Saving

Establishing an Emergency Fund

If there’s one thing you can be certain of in life, it’s the uncertainties. No matter how carefully you plot out your expenses, there will always be those that you didn’t account for. You’ve got medical insurance so you think you’re okay. But what happens when you need an expensive prescription only to discover that it isn’t covered. You’ve got homeowners or renter’s insurance and you’ve insured your wedding ring. But what happens when an unexpected bundle of joy is delivered, or you decide to send your little darling to an expensive private preschool?

It’s not enough to make sure you’ve paid down your credit card debt or to make sure you are investing for your eventual retirement. An emergency fund must be a part of any sound financial plan.

Most people count on their employer for their income, tax payments, and medical benefits. But what happens when you are laid off (an increasing likelihood in this economy) and all of a sudden you are stuck with having to pay for things yourself. No matter where you stand financially, it’s going to take you awhile to get back on your feet. So most people will agree that an emergency fund makes fiscal sense. The question is how much do you need?

The standard answer to that question is that you should have three to six months of expenses set aside but in these oh so nonstandard times, that’s not necessarily enough. Keep in mind that every individual is different and your expenses will vary depending on what time of year it is. You might have a particularly expensive hobby, like going up to Lake Tahoe every weekend to ski during snow season. Or you might need to pay a piano teacher for lessons each week. If you’re thinking that these are luxuries that can be cut back on when disaster strikes, you’re right. But ideally your emergency fund should allow you to maintain the same quality of life you have now. With an unemployment rate that is at the highest it has been for the past 15 years, you may need to revise that time frame to between 6-12 months. If you are more experienced and thus higher paid, you will be at a disadvantage during this recession because it will take longer, often much longer, for you to find a job.

Your first step in establishing an emergency fund should be to set up a budget. It’s especially important to pay attention to those reoccurring payments; grocery bills, car payments, rent or mortgage payment, internet access and phone bills, electric and water bills, that can’t be entirely eliminated.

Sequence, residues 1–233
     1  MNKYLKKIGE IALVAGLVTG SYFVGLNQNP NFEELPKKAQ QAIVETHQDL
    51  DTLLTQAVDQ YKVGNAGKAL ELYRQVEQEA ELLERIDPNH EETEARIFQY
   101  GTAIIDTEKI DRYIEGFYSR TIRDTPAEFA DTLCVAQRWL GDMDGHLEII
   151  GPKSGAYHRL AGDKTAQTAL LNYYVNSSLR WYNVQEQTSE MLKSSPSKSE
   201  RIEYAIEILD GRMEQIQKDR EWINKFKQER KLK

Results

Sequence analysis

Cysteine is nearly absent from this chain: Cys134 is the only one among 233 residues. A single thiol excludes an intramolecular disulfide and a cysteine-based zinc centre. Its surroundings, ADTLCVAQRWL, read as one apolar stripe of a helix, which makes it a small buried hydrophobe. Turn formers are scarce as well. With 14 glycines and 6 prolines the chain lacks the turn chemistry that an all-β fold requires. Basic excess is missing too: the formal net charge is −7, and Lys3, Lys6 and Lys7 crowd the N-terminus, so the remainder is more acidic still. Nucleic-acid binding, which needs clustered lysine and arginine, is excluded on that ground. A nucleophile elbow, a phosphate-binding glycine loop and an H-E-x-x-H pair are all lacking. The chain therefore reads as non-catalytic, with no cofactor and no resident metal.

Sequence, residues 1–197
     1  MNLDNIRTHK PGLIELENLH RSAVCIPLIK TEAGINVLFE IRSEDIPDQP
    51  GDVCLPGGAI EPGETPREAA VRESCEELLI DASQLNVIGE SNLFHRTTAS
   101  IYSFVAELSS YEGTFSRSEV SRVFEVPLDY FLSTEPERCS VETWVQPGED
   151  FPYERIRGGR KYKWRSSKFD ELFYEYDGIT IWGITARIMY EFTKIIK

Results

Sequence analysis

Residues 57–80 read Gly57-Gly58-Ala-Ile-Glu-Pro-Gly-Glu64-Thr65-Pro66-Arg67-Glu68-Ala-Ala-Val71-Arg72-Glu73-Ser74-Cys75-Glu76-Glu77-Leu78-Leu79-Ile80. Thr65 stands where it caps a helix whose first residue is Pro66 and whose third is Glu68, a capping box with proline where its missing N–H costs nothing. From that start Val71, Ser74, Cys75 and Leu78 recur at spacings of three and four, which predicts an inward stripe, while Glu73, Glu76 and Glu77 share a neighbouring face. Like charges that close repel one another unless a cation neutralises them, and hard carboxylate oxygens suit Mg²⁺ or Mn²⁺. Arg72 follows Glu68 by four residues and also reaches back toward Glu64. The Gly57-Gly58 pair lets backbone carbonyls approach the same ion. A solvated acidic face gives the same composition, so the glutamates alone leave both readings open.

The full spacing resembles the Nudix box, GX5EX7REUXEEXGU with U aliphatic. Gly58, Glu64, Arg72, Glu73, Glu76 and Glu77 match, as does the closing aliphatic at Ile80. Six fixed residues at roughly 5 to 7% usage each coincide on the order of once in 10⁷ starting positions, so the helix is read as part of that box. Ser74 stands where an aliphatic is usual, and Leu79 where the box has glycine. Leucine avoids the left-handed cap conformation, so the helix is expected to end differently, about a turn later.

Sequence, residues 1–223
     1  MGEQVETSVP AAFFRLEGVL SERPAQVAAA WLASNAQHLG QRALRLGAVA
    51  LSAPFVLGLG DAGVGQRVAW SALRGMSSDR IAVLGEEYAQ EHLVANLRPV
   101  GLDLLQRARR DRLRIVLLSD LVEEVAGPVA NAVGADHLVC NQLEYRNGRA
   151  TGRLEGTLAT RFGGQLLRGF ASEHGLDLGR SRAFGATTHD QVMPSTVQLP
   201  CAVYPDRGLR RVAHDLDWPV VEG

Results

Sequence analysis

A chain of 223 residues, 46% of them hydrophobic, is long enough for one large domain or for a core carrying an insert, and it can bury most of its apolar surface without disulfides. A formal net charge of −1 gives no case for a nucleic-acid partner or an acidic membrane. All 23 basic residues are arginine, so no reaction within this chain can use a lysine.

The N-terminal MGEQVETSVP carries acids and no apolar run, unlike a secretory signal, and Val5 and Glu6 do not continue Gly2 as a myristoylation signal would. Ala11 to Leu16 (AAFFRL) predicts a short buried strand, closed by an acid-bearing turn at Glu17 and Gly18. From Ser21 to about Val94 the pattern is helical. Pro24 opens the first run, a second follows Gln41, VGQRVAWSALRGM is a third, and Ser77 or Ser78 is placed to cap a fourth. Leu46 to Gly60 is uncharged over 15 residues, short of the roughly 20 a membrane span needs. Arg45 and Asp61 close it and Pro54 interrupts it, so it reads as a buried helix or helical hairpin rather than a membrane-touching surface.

Okay, now that you’ve established the need for an emergency fund and have some idea of how much you need, you need to decide where that money should go. No, stuffing it under your mattress is not a viable option. You still need to put your money to work for you so that you can, at minimum, get ahead of inflation. Remember that you’ll need immediate access to these funds should disaster strike so forget about any accounts or investment vehicles that make you pay a penalty for early withdrawal. That’s what the financial gurus refer to as liquidity.

Mint tip: A savings account provides the best balance between liquidity and the ability to earn interest on your money.

This is your emergency fund we are talking about so you should be as risk adverse as possible when it comes to establishing it. So forget about the stock market and put that money into an interest earning account at the highest yield possible. Mint.com’s Ways to Save can help you identify whether the interest rates and fees you are paying on your current checking and savings accounts are as good as you can get. If not, consider opening an account just for your emergency fund. In addition to checking and savings accounts, you may want to consider money market mutual funds or a certificate of deposit (CD) as places to stash your cash. Both are good, stable investment vehicles that are somewhat immune to the ups and downs of the financial markets.

Lastly, you should make sure that your credit score is high and you’ve established a solid line of credit. Worse comes to worse, you can pay for your day-to-day expenses with your credit card and defer the payments until such time as you are again gainfully employed or otherwise financially solvent. But this should remain a last resort. Make sure you pay the balance off in full each month so as not to incur finance charges. With a little advance preparation, you can weather any storm.